Goldie stars as Judy Benjamin, a very unlucky recent-widow, a lazy spoiled woman who is confronted with a life-changing experience: being in the army! Just like the movie itself, the role isn’t too complicated. The changes in the character are presented in a very unsubtle way, so what the screenplay doesn’t offer is MOSTLY demanded from the actress. The big word: charisma! For the movie to work, you need someone who knows comedy timing and is sweet enough not to get bored looking at her! And Goldie has what it takes!

The first half of the movie is pure silliness and a lot of situation comedy! Goldie is perfect at that and I subjectively admit I could never get enough looking at her! She’s pretty, she’s sweet, and likeable and adorable! And this helps! There’s no one who could hold a comedy scene like she does and, watching her acting the silly lines, I could only imagine how fascinating she would’ve been in a 1930s screwball comedy era! She takes a scene like looking up and cursing her dead husband and she makes it the funniest thing ever! :)

Her constant complaining is so deliciously funny, you can’t help but liking Judy! Even when she’s crying, it’s presented in a funny light, so the comedy isn’t thrown off balance. Goldie somehow manages to add more to the character and there’s often a look or a small gesture that hints the occasional drama of the character; fortunately, that supports the movie, without replacing the lightness of it.

When things go romantic in the second part, she doesn’t get more serious in the standard way! What Goldie does is to move the comedy from the situational army wackiness to the fool in love perspective. She is more grounded, but at the same time lost in this romance which feels uncomfortable even from the beginning. Goldie is fun as the cheated fiancĂ©, with crazy red hair and a bit washed-up, but again manages to show a human side as she feels her life slowly becomes pointless.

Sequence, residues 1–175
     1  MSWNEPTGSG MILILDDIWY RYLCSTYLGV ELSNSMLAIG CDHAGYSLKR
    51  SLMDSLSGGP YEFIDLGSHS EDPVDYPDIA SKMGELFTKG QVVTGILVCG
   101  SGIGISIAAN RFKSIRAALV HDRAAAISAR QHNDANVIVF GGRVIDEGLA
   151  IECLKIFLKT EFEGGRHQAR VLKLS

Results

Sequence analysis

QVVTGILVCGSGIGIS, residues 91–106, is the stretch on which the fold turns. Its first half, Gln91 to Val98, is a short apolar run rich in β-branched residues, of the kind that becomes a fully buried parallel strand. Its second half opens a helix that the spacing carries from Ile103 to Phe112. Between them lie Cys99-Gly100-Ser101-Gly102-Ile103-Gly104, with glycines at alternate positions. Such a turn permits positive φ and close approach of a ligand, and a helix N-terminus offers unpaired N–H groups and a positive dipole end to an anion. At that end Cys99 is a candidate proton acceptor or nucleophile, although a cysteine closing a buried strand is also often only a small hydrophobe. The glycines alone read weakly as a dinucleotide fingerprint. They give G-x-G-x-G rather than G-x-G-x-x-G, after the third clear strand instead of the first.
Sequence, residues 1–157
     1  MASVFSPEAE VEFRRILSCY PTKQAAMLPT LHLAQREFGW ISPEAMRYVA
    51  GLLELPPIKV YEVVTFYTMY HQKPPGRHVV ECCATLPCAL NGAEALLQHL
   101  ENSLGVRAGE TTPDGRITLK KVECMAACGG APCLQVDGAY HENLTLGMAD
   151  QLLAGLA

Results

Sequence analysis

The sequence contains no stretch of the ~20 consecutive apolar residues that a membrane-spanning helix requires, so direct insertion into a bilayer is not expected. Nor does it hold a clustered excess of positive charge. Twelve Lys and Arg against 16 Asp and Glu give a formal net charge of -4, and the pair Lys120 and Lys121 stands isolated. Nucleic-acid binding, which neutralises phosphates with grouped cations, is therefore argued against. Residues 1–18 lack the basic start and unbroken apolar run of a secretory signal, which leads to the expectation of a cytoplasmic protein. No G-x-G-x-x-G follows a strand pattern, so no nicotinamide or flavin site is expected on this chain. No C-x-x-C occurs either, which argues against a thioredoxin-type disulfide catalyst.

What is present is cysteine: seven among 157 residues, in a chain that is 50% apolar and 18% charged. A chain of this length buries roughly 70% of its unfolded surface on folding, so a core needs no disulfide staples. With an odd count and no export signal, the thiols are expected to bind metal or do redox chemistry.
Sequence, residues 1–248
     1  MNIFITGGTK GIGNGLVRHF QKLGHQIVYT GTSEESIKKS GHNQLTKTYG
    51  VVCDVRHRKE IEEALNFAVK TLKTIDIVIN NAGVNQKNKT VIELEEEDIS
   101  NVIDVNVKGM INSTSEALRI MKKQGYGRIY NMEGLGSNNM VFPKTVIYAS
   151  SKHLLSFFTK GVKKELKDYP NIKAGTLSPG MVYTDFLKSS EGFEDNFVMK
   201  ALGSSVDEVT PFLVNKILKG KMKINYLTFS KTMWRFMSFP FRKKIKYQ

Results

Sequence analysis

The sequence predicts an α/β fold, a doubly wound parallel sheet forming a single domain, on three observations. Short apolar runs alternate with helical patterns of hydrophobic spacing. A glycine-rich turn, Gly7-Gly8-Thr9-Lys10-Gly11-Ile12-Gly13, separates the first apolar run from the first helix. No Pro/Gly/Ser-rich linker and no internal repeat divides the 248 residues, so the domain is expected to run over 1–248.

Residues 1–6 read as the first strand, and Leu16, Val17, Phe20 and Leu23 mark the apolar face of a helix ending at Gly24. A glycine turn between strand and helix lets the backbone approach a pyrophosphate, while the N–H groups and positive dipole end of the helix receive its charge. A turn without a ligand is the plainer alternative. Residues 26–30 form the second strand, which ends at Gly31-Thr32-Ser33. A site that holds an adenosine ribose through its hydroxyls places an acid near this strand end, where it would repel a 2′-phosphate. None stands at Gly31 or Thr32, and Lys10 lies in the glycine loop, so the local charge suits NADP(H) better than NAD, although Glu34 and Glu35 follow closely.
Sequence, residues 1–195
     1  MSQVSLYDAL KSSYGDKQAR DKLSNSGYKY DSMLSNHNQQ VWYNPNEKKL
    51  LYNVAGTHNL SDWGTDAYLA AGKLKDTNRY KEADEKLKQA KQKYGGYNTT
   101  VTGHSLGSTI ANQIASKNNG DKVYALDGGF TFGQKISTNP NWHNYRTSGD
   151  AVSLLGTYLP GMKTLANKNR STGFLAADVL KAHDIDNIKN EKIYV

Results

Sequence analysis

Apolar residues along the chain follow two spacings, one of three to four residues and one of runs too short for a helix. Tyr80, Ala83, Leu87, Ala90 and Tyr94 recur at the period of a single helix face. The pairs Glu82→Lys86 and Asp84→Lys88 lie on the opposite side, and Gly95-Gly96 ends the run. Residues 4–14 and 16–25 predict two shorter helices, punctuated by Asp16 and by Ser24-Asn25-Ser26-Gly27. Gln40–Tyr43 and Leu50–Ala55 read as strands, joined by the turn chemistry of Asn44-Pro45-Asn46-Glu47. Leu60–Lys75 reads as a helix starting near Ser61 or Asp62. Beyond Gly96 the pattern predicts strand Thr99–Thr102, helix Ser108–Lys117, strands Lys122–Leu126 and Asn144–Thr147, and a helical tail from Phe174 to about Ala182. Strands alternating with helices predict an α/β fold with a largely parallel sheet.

I love Goldie! And I think this is one of her best performances! She gets to do lots of situation comedy and she’s perfect at it! She’s sweet and very natural and represents at least 90% of the film’s success! It’s all based on her unquestionable charisma! And she also gets to be a romantic lead, to slowly underline the woman who gives up her career and then finds little purpose in her new existence! And at the end of it all, it looks so effortless! .

Sunday, January 10, 2010

Kreativ people find all kinds of stuff to do...

Andrew is nice. He has found a new way of celebrating blogging and bloggers. By telling us how nice and smart we all are. :) And my little blog has been included among his favorite 7, or something like that. It's all based on a pay-it-forward concept. But I won't fully do that :)

Instead, I'm writing short words of appreciation. To Andrew for being a good fellow blogger who's always been kind to me; and being a person really dedicated to movies. And to all other occasional readers for visiting once in a while and appreciating this type of selfish movie therapy I do for myself. And, because I also need to write a thing about myself, I'll just make public again the origins of my blogging: admiring Stinkylulu's work for months, maybe years. I wouldn't have started this a year and a half ago, had it not been for his wonderful blog. Thanks!

Getting back to facts: I'll finish with 1980 very soon, only that I found myself trapped in work, preparing to move back to Bucharest and all these 2009 films. 1980 will go down next week, plus Stinkylulu's Blogathon!

Monday, January 04, 2010

An overdirected movie. A bad directed movie. An unexpectedly terrible screenplay. Awful visual effects. Awful romances. Overscored. Superficial writing. Bad casting. Future Razzie nominee Mark Wahlberg. Horrible teenage love interest. Painfully bad screenplay.

Good Saoirse Ronan. Fascinating Stanley Tucci. Unexplainably underused Susan Sarandon (terrific).

Cheesy book + horrible screenplay = bad adaptation. A lovely mess.